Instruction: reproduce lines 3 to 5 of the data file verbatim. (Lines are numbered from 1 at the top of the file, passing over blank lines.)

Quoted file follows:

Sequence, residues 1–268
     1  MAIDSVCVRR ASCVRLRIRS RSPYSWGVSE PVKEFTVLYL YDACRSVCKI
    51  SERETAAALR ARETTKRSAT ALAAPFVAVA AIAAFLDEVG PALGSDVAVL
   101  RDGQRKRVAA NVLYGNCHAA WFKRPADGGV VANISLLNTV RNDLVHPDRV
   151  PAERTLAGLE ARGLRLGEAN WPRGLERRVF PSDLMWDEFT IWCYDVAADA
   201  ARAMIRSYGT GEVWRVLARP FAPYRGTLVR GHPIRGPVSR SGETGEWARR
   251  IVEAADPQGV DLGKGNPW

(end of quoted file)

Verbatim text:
    51  SERETAAALR ARETTKRSAT ALAAPFVAVA AIAAFLDEVG PALGSDVAVL
   101  RDGQRKRVAA NVLYGNCHAA WFKRPADGGV VANISLLNTV RNDLVHPDRV
   151  PAERTLAGLE ARGLRLGEAN WPRGLERRVF PSDLMWDEFT IWCYDVAADA